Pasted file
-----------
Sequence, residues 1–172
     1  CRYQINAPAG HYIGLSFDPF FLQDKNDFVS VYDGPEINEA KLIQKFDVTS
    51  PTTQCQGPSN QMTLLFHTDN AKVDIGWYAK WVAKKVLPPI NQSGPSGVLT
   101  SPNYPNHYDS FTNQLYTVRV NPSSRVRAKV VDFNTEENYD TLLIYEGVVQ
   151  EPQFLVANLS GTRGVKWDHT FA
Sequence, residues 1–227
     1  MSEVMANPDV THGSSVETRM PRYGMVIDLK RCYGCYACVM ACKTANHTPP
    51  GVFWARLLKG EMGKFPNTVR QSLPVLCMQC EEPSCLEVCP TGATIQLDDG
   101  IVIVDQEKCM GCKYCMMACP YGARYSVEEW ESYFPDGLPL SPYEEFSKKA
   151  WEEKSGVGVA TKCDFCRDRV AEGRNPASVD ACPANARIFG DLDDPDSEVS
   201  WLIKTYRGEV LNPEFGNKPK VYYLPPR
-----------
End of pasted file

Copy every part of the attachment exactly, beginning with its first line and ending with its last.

Sequence, residues 1–172
     1  CRYQINAPAG HYIGLSFDPF FLQDKNDFVS VYDGPEINEA KLIQKFDVTS
    51  PTTQCQGPSN QMTLLFHTDN AKVDIGWYAK WVAKKVLPPI NQSGPSGVLT
   101  SPNYPNHYDS FTNQLYTVRV NPSSRVRAKV VDFNTEENYD TLLIYEGVVQ
   151  EPQFLVANLS GTRGVKWDHT FA
Sequence, residues 1–227
     1  MSEVMANPDV THGSSVETRM PRYGMVIDLK RCYGCYACVM ACKTANHTPP
    51  GVFWARLLKG EMGKFPNTVR QSLPVLCMQC EEPSCLEVCP TGATIQLDDG
   101  IVIVDQEKCM GCKYCMMACP YGARYSVEEW ESYFPDGLPL SPYEEFSKKA
   151  WEEKSGVGVA TKCDFCRDRV AEGRNPASVD ACPANARIFG DLDDPDSEVS
   201  WLIKTYRGEV LNPEFGNKPK VYYLPPR